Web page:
Abraham also was accepted by grace not works. He actually lived more than 400 years before the ceremonial law was given (17). Therefore, he could never have made himself acceptable by it. He was accepted by God because he trusted God, and God accepted his faith and treated him as though he were without sin (6). Abraham received the promise of Christ (8 & 16) 400 years before the ceremonial law was given, and the giving of the law did not negate the promise of grace (7). So the entire history of redemption has been the history of God's grace as promised to Abraham (8). It is the story of the grace of God, not the good works of man.
Verse19 raises an important question; what is the purpose of the law of God? Of course God's law has many purposes. The moral law, summarised in the Ten Commandments and the teaching of Christ, reveals the absolute perfection of God. It reveals the will of God for all mankind in everyday life. It shows mankind how to live in harmony with God and each other. Thus it shows the way of peace and happiness (Ps. 19:7-14). It also shows our sin and need of God’s grace. We break the moral law every day by thought, word, and deed. The ceremonial law reveals that those who break the moral law are unacceptable to God unless something is done, apart from the moral law, to make them acceptable. The law shows, then, that, by our own actions, we are unclean and unfit for any kind of fellowship with God, and that we need to be made clean by something outside of the moral law, or we will remain forever unacceptable to God.
This is brought out in several verses in Galatians 3. Regarding our failure to keep the moral law, we are told the Scripture "hath concluded all under sin" (22). Regarding the ceremonial law, we are told we can never make ourselves acceptable to God through it (21). This is important, for if we can atone for sin by performing a few ceremonies, then sin is a very trivial thing to God. If sin is trivial to God, it can be trivial to us, and if sin is trivial, so is righteousness. Holiness, justice, integrity, the Commandments of God, love for God, and love for one another really don't matter. Only the ceremonies matter. This mistaken view of the law was held by Israel many times throughout her history, and she paid dearly for it.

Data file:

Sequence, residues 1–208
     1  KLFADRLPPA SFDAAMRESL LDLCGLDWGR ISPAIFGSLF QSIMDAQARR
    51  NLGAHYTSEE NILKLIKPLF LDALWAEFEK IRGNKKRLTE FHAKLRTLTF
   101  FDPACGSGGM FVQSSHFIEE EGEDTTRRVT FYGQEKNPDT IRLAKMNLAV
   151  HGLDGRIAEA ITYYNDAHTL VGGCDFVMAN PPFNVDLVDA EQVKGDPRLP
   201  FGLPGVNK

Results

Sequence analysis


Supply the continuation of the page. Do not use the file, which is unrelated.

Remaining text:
We come now to one of the law's most important purposes; it is our teacher to lead us to Christ (24). How does the law lead us to Christ? First, it concludes all people under sin (22). This means it reveals to us that we are sinners. Comparing ourselves to the moral law of God does not reveal how good we are. It reveals how wicked we are and how far short we are of the total perfection of God. Many people compare themselves to the Ten Commandments, and conclude they are pretty good. But no one says he is perfect. They may say they have never murdered, are honest, and believe in God, but they can’t say they have never lied, never coveted, or never had lustful thoughts about another person. All, if they are honest, must admit they have not lived perfectly according to the law of God. In this admission, they show themselves to be concluded under sin (22).
Second, the ceremonial law reveals there is nothing we can do to atone for our sins. Do we really think a ceremony, or even the life of an animal can make up for our sins? A right view of animal sacrifices reveals how pitifully small and powerless they are to cover our sins (Heb. 10:4). In short, they reveal the absolute impossibility of making ourselves acceptable to God. If we are going to be made acceptable to Him, He is going to have to accomplish it for us. Thus, the law teaches us that we need a Saviour. It leads us to cast ourselves on the mercy of God and the sacrifice of Christ, that we may be justified by grace through faith, not by the works of the law (24).
Third, the law shows the deadly seriousness of sin. It is not trivial to God and it cannot be trivial to us. It is so serious that sinners are called dead (Eph. 2:1) and worthy of death (Rom. 1:32), whose eternal destiny is the fires of hell (Rev. 20:15). Sin is so serious that we are unable to atone for it ourselves. Nothing can save us from the fires of hell but the sacrifice of Christ Himself. That's how serious sin is to God.
So, what is the relationship of the ceremonial law to the Christian? The short answer is, it has fulfilled its task and is no longer necessary (Heb. 8:13). It has been our schoolmaster, but in Christ we have graduated from it. From it we have learned that we are sinners. From it we have learned that our sin must be made right before we can be acceptable to God. From it we have learned that we cannot make our sins right by the ceremonies of the law. From it we have learned that its ceremonies and sacrifices symbolise the life and ministry of Christ, "the Lamb of God:" who alone can atone for our sins. From it we have learned to trust in the suffering of the Lamb of God as the payment for our sins and the ground of our acceptance with God. Now that we have graduated from the school of the law, it no longer has control over us. We have moved into faith (25-26).